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Salient. Victoria University of Wellington Students' Newspaper. Volume 31, Number 20. September 3, 1968



I must preface this column with an observation that last month's classical record releases were of the highest overall standard that I have heard. Looking back at outstanding recordings reviewed in the last four years, 1 cannot find a month in which every disc was of such a consistently high standard. So bear with me and pardon the rush of rhapsodic praise.

Seiji Ozawa is one of the Internationa] concert jet-set. At the tender age (for a conductor) of 32, he has already been musical director of the Chicago Ravinia Festival for five years, and has also been director of the Toronto Symphony for the past three years. Now he has set his sights higher and moved on to San Francisco. Despite instant acclaim by the crities and very high regard within USA and European musical circles, his recording career has not kept pace with his concert work. His first US recording was in 1965. and since then there has only been the occasional disc, always accompaning a soloist. Now at long last he makes his solo debut on RCA LSC 2977 Pictures at an Exhibition and Britten's The Young Persons' Guide to the Orchestra.

This is one of the best recordings of an orchestral work that I have heard. The Chicago Symphony has long been one of my favourite orchestras, and on this disc they really excel themselves. Prominent Chicago music critic Roger Dettmer considers that this orchestra plays better for Ozawa than anyone since Fritz Reiner. Their brass section is possibly the best in the world, and this statement is justified by the beautiful precision work in Pictures-excellent phrasing, outstanding tone control and most important, no imbalance with the rest of the orehestra.

Moussorgsky's music might not be particularly appealing, but Ozawa's direction, outstanding playing and splendid stereo recording, all combine to make this record a must for an) collection. My only complaint is must wait so long for another release from this magnificent orchestra. I have no doubt that Ozawa will be recording frequently with them, so let us hope that RCA will press the discs out here.

There is quite a choice of recent releases of Beethoven's Eroiea Symphony—all available in record stores. If one is on a limited budget where every dollar counts, there is good value on ACE of Diamonds SDD 103 ($3.50). Ernest Anserment and the Suisse Romande give a solid performance and this touched up stereo sound is quite adequate. In 1966 Decca recorded Hans Schmitt-Isserstedt and the Vienna Philharmonic (SXLM 0232). This was released out here last year and at the time proved the best recording. A powerful interpretation with first-rate orchestral work.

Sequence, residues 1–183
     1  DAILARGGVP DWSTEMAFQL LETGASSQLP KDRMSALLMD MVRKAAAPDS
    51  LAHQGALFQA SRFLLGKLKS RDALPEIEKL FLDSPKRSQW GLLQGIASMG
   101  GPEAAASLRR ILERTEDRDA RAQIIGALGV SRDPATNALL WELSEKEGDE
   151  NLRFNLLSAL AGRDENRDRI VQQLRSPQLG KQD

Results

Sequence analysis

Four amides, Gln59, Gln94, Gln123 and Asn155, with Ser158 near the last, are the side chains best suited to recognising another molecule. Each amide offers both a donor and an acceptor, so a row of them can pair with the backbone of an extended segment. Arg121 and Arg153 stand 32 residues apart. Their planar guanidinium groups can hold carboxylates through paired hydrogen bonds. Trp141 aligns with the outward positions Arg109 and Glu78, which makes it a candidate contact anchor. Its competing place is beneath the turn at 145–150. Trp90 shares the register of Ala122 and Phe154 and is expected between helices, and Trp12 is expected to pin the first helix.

Now HMV have produced a version that is even better. (ASDM 2348 Stereo). 1968 is going to be the year that belongs to Sir John Barbirolli, Outstanding recordings of Butterfly and Sibelius, and now the best ever Eroica. (Lovers of the brash orchestral gymnastics evoked by Bernstein with the New York Philharmonic will disagree with this opinion.) The first movement begins at a rather staid, dramatic tempo which sets the pace for Barbirolli's interpretation. Highlight is the sedate, sympathetic account of "Marcia funebre", The BBC Symphony orchestra anno match for the VPO on the Decca LP, however their playing is of surprisingly good standard. Stereo recording is excellent.

On top of these discs are two outstanding HMV recordings of the New Philharmonic. On ASDM 2355 Rafael Fruhbeck de Burgos conducts the complete Ravel Daphnis and Chloe with the Ambrosian Singers. On ASDM 2358 is a moving account of the Faure Requiem with David Wileox conducting the choir of Kings College Cambridge, and soloists John Carol Case and Robert Chilcott.

Until 1 heard the de Burgos LP I had previously only listened to recordings of the second part of the ballet. While it is pleasing to be able to listen to the complete work I hardly feel that all my life 1 have been missing out on something. De Burgos is building up quite a reputation as an expert with full-blooded ballet scores and it is not his fault that two complete sides of Ravel become rather wearisome. The Requiem is much more attractive to my ears. The album has been universally praised overseas. Alec Robinson (music editor of Gramophone) lauded it as "a recording as near as can be to absolute perfection." The choral work is delightful and HMV have managed to get a nice clean sound.

Julian Bream produces a seemingly endless number of outstanding records, all of which sell very well but receive little critical acclaim or attraction. His latest, The Dances of Dowland (RCA LSC 2987 Stereo) contains beautiful and sensitive performances of recently unearthed music. According to the excellent sleeve note written by Shirley Flemming, Dowland became lutenist to King Christian IV Denmark. After eight years he was dismissed "under a cloud of debts and financial entanglements", returned to England and finally ended up as a mere "one of the Musicians for the Lute" appointed by James I. Most of his music was unpublished during his lifetime and it is virtually only Bream's recent efforts that have brought universal recognition to his music.

The pieces are even more delightful than their quaint names—"Lachrimae antiquae", "The Shoemaker's Wife" and "Sir Henry Gifford's Almaine". As to be expected Bream's lute playing is impeccable. A very good stereo recording.